PHP Iterables – PHP OOP

What is an Iterable in PHP?

A value that can be looped through with a foreach() loop is called a “iterable.”

PHP 7.1 added the iterable pseudo-type, which can be used as a data type for function arguments and function return values.


<!DOCTYPE html>

function testIterable():iterable {
return [“x”, “y”, “z”];

$varIterable = testIterable();
foreach($varIterable as $item) {
echo $item;




PHP: How to Use Iterables

The iterable keyword can be used as an argument data type or as a function’s return type:

PHP: How to Make Iterables


All arrays are iterables, which means that any array can be passed to a function that needs an iterable as an argument.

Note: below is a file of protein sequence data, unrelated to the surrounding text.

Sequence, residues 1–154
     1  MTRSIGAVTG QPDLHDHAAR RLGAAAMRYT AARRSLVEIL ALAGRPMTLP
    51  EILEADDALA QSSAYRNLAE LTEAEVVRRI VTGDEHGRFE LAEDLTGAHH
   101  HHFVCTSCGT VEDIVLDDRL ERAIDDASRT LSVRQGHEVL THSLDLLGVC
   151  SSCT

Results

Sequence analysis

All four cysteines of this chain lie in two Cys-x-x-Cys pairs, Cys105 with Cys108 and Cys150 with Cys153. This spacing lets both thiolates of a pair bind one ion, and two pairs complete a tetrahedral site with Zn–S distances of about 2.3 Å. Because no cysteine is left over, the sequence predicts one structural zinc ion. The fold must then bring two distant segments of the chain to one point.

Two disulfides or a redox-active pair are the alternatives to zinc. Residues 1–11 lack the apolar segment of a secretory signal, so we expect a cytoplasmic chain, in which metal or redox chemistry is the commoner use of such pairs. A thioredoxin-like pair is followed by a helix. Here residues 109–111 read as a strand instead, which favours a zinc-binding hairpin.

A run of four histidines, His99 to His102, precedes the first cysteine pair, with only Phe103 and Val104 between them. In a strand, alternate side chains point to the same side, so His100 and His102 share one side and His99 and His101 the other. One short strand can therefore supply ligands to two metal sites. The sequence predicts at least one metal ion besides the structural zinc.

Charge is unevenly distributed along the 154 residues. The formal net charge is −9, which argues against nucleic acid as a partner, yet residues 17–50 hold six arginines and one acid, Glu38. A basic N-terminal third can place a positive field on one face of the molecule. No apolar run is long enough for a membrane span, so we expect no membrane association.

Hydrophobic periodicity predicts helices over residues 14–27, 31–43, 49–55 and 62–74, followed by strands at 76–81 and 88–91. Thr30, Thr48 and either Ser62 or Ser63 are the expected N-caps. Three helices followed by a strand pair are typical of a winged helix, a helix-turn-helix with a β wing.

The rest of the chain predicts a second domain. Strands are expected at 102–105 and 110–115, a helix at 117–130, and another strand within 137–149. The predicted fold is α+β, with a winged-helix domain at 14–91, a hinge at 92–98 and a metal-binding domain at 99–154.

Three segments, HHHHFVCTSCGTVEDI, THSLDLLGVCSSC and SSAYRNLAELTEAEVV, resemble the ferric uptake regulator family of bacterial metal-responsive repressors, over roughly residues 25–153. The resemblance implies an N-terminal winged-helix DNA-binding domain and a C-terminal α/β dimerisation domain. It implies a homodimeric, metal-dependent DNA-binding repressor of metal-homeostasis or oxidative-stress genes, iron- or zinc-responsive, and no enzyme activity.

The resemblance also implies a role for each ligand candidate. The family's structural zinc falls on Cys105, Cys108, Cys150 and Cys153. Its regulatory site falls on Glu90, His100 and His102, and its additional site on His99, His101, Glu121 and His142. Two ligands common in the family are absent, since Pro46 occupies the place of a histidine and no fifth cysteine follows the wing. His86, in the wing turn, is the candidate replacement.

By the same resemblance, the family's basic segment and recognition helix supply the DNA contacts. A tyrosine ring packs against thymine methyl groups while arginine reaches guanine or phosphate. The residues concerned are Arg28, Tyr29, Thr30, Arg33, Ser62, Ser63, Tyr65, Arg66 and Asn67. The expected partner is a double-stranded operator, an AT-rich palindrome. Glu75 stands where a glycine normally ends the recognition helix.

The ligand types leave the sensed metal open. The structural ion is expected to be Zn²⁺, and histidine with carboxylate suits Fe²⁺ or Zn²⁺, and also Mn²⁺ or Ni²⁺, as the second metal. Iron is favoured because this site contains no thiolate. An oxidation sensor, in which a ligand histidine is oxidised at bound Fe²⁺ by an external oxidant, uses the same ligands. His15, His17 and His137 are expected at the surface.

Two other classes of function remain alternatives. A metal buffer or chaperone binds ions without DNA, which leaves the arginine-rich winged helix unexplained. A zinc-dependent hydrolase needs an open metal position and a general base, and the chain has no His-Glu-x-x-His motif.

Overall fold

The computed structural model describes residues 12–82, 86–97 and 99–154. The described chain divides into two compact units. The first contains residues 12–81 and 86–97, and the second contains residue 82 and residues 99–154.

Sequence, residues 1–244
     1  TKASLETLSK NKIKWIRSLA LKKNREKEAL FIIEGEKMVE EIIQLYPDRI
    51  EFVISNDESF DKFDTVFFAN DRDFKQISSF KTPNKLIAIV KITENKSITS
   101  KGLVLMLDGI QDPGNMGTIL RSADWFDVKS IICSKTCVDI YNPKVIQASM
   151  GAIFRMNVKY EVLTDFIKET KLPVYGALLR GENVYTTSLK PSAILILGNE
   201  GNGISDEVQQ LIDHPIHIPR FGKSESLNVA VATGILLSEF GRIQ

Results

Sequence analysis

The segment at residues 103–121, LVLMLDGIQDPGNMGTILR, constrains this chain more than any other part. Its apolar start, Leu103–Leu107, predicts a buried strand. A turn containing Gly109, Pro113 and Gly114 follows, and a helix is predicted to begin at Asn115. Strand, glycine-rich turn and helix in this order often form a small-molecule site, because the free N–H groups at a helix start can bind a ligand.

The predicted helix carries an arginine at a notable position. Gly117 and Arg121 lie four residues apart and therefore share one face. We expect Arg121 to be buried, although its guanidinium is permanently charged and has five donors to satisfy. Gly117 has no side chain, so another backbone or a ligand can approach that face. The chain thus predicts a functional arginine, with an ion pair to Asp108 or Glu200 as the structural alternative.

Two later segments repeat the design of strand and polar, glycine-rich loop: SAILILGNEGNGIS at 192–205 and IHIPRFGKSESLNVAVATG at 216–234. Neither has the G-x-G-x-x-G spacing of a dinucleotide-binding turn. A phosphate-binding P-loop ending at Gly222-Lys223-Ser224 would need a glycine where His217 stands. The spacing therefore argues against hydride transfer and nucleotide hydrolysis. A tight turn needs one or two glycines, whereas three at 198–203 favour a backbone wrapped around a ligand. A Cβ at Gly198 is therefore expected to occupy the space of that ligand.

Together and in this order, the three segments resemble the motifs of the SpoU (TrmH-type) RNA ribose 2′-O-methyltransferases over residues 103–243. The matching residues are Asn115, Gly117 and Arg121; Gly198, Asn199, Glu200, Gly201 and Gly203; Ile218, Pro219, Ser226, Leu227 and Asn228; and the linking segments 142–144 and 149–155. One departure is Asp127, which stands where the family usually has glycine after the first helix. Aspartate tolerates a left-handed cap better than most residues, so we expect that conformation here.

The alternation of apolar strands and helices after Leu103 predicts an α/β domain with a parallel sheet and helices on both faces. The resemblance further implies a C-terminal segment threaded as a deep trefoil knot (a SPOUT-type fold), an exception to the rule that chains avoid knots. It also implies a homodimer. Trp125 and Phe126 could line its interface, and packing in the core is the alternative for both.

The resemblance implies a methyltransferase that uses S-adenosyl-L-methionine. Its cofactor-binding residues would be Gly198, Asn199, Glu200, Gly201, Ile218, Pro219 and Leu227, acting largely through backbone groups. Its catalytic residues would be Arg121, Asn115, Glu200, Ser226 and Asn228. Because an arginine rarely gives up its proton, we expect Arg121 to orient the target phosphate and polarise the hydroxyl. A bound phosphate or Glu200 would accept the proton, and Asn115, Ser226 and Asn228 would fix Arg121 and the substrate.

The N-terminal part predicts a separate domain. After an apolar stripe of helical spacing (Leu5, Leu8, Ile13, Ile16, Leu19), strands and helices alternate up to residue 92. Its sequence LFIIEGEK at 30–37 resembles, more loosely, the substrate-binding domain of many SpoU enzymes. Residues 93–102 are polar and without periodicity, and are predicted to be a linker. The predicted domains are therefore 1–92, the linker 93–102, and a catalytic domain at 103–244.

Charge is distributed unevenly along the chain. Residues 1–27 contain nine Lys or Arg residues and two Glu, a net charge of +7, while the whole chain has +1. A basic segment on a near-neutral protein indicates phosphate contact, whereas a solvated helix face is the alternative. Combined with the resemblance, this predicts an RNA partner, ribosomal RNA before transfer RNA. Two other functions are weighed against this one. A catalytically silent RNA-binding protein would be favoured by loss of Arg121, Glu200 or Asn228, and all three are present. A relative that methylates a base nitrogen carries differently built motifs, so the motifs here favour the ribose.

A function that needs an iterable can take as an argument any object that implements the Iterator interface.

An iterator has a list of items and ways to go through them in a loop. It keeps track of a pointer to one of the list’s items. Each thing on the list should have a key that lets you find it.

This is what an iterator must have:


  • current() gives back the element that the pointer is currently pointing to. It can be any kind of data.


  • key() gives back the key that goes with the current list item. It can only be a number, a string, a float, or a boolean.


  • next() moves the list pointer to the next item.
  • rewind() moves the list pointer to the first item.


  • valid() should return false if the internal pointer doesn’t point to any element. This could happen if next() was called at the end of the list. It comes back true in all other situations
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